When I run this script as perl -d:DB t.pl
$ cat t.pl

sub t { }
sub sb {
   goto &t;  # << The DB::goto is called from here
}
sb( a => 3 )

$ cat Devel/DB.pm

package DB;

BEGIN {
    $^P |= 0x80;
}

sub DB {
}

sub goto {
    local $"  =  ' - '; #"
    my $level =  0;
    while( my @frame = caller($level++) ) {
        print "@frame[0..3,5]\n";
    }
}

sub sub {
    return &$DB::sub;
}


1;
sub t { }
sub sb {
   goto &t;  # << The DB::goto is called from here
}
sb( a => 3 )

The 'caller' called form DB::goto return next info:

DB - Devel/DB.pm - 19 - DB::goto - 
main - t.pl - 5 - main::t - 

Because the DB::goto is called by perl internals as ordinary sub here I expect next output:

main - t.pl - 3 - DB::goto - 
main - t.pl - 5 - main::t - 

Is it possible to fix that behaviour? If yes
At which direction to dig to fix that?

  • 1
    You code returns Illegal character in prototype for main::sb : a => 3 at ./1.pl line 9. Prototype mismatch: sub main::sb: none vs (a => 3) at ./1.pl line 9.. Can you fix it and give more details on how to get the output? – choroba Jan 4 '16 at 16:45
  • I have fixed. And create appropriate modules. – Eugen Konkov Jan 4 '16 at 18:10
  • Weird. When I add a debug print after the goto call, it doesn't get printed, but when I change it to DB::goto, it gets printed. – choroba Jan 4 '16 at 19:38
  • @choroba That's because DB::goto is just a regular subroutine; there's no goto opcode when you do that. – ThisSuitIsBlackNot Jan 4 '16 at 19:44
  • @ThisSuitIsBlackNot: But how is it possible that the opcode doesn't call CORE::goto? – choroba Jan 4 '16 at 20:07

The order of execution is:

t.pl:5  sb( a => 3 )
  [enter DB::sub]
Devel/DB.pm:19  return &$DB::sub;
  [enter main::sb]
t.pl:3  goto &t;
  [enter DB::goto]

When goto is reached, the most recent function call was in Devel/DB.pm on line 19, so that's what caller(0) returns. (Remember, goto &NAME alters the call stack.)

But it sounds like you want to report the line number and file where goto was invoked. Unfortunately, I don't think you can do this with caller, because caller isn't even aware of goto:

sub foo {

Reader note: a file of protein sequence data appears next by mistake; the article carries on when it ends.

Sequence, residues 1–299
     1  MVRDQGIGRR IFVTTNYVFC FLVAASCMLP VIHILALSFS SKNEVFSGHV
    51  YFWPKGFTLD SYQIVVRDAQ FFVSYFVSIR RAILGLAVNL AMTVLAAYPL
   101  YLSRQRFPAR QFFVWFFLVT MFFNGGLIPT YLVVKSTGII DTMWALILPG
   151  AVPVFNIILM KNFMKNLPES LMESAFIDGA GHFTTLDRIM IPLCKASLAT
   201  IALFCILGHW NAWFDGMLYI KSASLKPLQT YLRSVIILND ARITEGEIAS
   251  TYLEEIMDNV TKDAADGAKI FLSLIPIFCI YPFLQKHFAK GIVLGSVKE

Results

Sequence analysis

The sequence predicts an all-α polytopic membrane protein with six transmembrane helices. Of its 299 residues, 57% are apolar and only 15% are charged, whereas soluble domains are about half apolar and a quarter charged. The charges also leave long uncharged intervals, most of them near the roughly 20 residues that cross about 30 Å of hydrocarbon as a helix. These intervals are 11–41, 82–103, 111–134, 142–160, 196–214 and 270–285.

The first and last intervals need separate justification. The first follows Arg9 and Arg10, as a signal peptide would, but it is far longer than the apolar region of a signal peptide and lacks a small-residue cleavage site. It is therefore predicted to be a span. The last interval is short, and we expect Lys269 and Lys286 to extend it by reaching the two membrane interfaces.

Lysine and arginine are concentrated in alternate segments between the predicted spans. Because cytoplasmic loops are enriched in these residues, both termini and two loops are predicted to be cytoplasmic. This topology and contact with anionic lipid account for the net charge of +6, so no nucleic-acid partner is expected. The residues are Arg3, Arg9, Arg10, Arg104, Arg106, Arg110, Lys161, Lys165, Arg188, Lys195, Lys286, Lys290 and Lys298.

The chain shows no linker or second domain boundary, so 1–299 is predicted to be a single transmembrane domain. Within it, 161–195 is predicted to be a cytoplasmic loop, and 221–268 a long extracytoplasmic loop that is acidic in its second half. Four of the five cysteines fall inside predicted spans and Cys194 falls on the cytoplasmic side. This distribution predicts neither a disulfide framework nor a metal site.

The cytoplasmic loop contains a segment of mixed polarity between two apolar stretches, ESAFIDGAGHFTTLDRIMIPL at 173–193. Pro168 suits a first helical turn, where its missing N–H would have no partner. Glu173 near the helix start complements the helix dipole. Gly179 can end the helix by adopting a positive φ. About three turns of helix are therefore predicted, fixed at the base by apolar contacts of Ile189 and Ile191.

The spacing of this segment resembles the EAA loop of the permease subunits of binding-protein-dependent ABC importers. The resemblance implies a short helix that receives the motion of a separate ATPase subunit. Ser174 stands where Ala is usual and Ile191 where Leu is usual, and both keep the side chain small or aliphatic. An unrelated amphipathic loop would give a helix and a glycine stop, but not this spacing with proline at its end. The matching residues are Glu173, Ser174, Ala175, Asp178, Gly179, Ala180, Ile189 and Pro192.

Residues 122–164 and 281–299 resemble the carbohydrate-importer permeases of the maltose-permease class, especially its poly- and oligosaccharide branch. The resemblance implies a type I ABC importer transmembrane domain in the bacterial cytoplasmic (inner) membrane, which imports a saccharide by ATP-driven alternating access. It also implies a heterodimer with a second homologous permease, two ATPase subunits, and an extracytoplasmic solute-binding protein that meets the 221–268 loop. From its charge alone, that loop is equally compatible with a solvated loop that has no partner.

goto &bar;
}

sub bar {
    print join ' - ', caller, "\n";
}

foo();

__END__
main - bar - 9 -  # line 9 is where foo() is called, not goto &bar

One possible workaround would be to store the filename and line number of the last executed command in DB::DB, then print that value before your stack trace in DB::goto. I haven't been able to figure out a way to do this, though.

  • I have tried that workaround, but when the $DB::single = 0 the DB::DB is not called. I set it to zero because want to go to the next breakpoint. – Eugen Konkov Jan 5 '16 at 8:40
  • 1. How DB::goto and from where is invoked? Is it common sub call? – Eugen Konkov Jan 5 '16 at 9:09
  • 2. >When goto is reached, the most recent function call was in Devel/DB.pm on line 19. But if I print callstack just before 'goto &t' it show that most recent function call was in: 'main t.pl 5 main::sb'. I am confused ( – Eugen Konkov Jan 5 '16 at 9:24
  • 1
    1. DB::goto is called from Perl_pp_goto, the goto opcode, in pp_ctl.c in the Perl source. I think it's invoked like a normal sub, but I'm not quite familiar enough with Perl's internals to be sure. However, keep in mind that goto changes the call stack; I haven't traced through this yet, but I'm guessing that the call stack has already been changed by the time DB::goto is invoked (the call to DB::goto happens in the middle of Perl_pp_goto, not at the very beginning). – ThisSuitIsBlackNot Jan 5 '16 at 15:30
  • 2. Again, goto changes the call stack. You'd have to trace the source code to find exactly what's going on. – ThisSuitIsBlackNot Jan 5 '16 at 15:38

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